“My zaidy called it ‘di heiliger Shabbos’ (the holy Shabbos); my father called it the Shabbos; I call it ‘the Sabbath,’ my children call it ‘Saturday,’ and my grandchildren call it ‘the day before Super Bowl Sunday’.”
This pithy anecdote describes a tragic trend among Jews who came over from the Old World and failed, for whatever reason, to transmit di heiliger Shabbos to the younger generation. It tells of its disappearance not only from the lived experience — but also from the lexicon — of Jews who have assimilated into secular culture.
But Shabbos is embedded in the Jewish soul. Some people hold on to it at all costs, while others come back to it after generations of nearly losing it. These are the personal Shabbos stories of an eclectic group of influential personalities.
When I was first signed to Island Records in 1986, as now, the most effective way to promote a new act was to have them open shows for a more established artist. Lou Maglia, Island’s new president and the man who signed me to the label, had been considering a few names for me — Sting, for instance, but also Joe Cocker and some others. When I walked into Lou’s office and closed the door behind me, I was about to forego each of those opportunities in a single fifteen-minute meeting. “Lou, I’m starting to keep this Jewish thing called Shabbat and I won’t be available to perform on Friday nights any longer.”
Lou looked at me for a moment and just belly laughed. Not to be cruel or condescending. Lou simply had no language, no context for what he’d just heard. He assumed I was joking. And it was funny. Why would an artist who had worked so hard to get to this point in his career tell the president of a major record label that he wouldn’t work on Friday night — the most important show business night of the week?
Only after getting a record deal — something I’d thought about nearly every day since I was thirteen years old — was I able to see it for what it wasn’t. It wasn’t the answer to my hopes and dreams, and it surely wasn’t going to make me into something more than I already was. Shabbat, on the other hand, felt huge. Transformative.
It also spoke to my rebellious nature. A few months into dealing with the marketing people at the record label, the penumbra faded. I saw that rock and roll’s so-called rebellious spirit was just a bunch of hype. Finally behind the curtain, I could see how limited my lifelong dream of getting a record deal was. I was quickly becoming another commodity. Shabbat, by contrast, was the ultimate countercultural act. It made me feel as though I were in lockstep with G-d. As if I was tasting a modicum of transcendence — something that, for me, could only come about from being in service to a Force infinitely larger than myself. Shabbat was (and still is) my day of arrival. It presented me with a break in time, a respite, in which I could feel viscerally that — for twenty-four hours, at least — I was no longer wandering. No longer lost and insatiably hungering for more and more impermanent things.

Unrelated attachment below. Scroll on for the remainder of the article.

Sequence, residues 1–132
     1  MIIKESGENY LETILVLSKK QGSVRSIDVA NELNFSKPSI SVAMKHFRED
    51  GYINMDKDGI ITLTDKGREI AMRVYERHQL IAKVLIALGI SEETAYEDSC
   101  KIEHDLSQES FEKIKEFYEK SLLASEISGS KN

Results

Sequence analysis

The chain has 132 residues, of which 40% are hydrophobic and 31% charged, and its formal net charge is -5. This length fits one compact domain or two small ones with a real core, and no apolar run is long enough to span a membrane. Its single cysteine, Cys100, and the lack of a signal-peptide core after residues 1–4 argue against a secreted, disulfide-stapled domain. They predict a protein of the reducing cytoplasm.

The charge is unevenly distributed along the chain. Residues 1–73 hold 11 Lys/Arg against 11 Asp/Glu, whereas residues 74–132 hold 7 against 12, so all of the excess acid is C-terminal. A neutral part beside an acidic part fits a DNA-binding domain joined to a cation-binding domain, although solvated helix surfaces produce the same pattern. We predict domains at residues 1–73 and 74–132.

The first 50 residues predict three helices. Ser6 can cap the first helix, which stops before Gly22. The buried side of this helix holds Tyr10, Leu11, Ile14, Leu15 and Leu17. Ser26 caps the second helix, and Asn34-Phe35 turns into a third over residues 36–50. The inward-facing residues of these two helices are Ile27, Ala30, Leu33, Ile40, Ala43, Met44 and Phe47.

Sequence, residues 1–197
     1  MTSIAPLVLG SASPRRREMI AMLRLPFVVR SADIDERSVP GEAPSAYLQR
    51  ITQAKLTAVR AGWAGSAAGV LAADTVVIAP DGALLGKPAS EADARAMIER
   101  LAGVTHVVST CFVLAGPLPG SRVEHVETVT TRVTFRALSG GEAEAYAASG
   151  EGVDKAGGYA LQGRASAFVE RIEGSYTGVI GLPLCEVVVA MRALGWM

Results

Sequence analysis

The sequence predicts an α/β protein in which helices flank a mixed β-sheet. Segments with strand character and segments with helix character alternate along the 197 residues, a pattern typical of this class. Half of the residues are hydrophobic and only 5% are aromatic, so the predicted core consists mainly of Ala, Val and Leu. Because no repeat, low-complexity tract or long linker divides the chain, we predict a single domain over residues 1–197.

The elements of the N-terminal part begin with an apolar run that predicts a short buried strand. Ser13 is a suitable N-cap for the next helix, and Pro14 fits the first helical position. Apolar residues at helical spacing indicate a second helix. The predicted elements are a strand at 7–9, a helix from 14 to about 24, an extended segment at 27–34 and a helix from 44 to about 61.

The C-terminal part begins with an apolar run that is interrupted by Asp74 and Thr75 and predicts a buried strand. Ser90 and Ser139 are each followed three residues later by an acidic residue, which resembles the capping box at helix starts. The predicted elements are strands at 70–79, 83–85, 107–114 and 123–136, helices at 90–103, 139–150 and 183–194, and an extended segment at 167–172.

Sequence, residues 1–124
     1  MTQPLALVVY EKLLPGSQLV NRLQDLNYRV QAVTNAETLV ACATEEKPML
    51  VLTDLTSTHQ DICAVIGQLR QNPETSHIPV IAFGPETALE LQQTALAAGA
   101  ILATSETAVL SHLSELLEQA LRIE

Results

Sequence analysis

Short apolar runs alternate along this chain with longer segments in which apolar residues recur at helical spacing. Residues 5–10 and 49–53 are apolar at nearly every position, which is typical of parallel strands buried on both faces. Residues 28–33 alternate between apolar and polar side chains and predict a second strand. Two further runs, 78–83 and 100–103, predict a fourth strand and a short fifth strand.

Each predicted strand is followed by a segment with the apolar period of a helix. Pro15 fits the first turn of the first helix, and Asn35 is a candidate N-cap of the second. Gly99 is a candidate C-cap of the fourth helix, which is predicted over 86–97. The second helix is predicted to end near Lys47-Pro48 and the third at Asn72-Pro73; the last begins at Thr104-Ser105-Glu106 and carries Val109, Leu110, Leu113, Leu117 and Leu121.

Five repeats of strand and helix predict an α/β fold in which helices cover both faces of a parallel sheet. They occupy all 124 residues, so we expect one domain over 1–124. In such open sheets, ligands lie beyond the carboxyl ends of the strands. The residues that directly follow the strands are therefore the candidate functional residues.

That idea of “arrival” hit me hard as I walked the streets near Times Square on one of my first Shabbats. Everything and everyone seemed to be in a mania of motion. In the most profound and pleasant way, I felt that I was walking in a kind of insulated bubble of suspended time. My weekday concerns had dissipated. The constant grind of promoting my music, writing new and better songs, and getting a firmer foothold in the music game came sputtering to a halt. It was on that walk, and others like it, that I was able to gain a more clarified picture of my place in the world, and to take stock of who I was becoming as a son, as a friend, and as a man.
In the spaces that Shabbat began to provide, the things that would later become my life priorities took on a new resonance. It became harder for me, for example, to continue to believe that I could forestall getting married and setting up a Jewish home, even if on the surface those things appeared to conflict with my career goals. In time, the apparent conflicts dissipated as well.
And today, the more often I “arrive” in the bubble of Shabbat, the more my observance becomes a personal testimony to my ever-growing trust in the Oneness of G-d.
Grammy- and Emmy-nominated singer-songwriter Peter Himmelman is a visual artist, author, film composer, entrepreneur, and rock and roll musician. Himmelman has taken his special skills at unlocking innate creativity to academic institutions such as The Wharton School of Business at The University of Pennsylvania, The UCLA School of Medicine, as well as corporate behemoths like Boeing, Adobe, and Gap Inc. His most recent book, Let Me Out: Unlock Your Creative Mind and Bring Your Ideas to Life is the compendium of his novel methods of helping people discover their most creative selves.
This article appeared in the Fall 2021 issue of the Lubavitch International magazine. To download the full magazine and to gain access to previous issues please click here.
Lucy Elisabeth Patiala
November 18, 2021
This was very meaningful to me since I have been sort of “lost” and now after living nearly 77 years, Shabbot has come to mean a great deal to me. I have much further to go in my lifelong journey of “finding myself” and I will continue on this journey. I still struggle with turning everything off (tv, phone, computer) on Friday nights, but I will continue to strive to reach that goal of reading, studying and learning. It is a bit hard as I live alone now(after a 17 year marriage breaking up and going through some difficult physical problems), I still cannot go to sleep and rest well without saying the my prayers and asking G-d to help me.
November 19, 2021
bs”d great to read this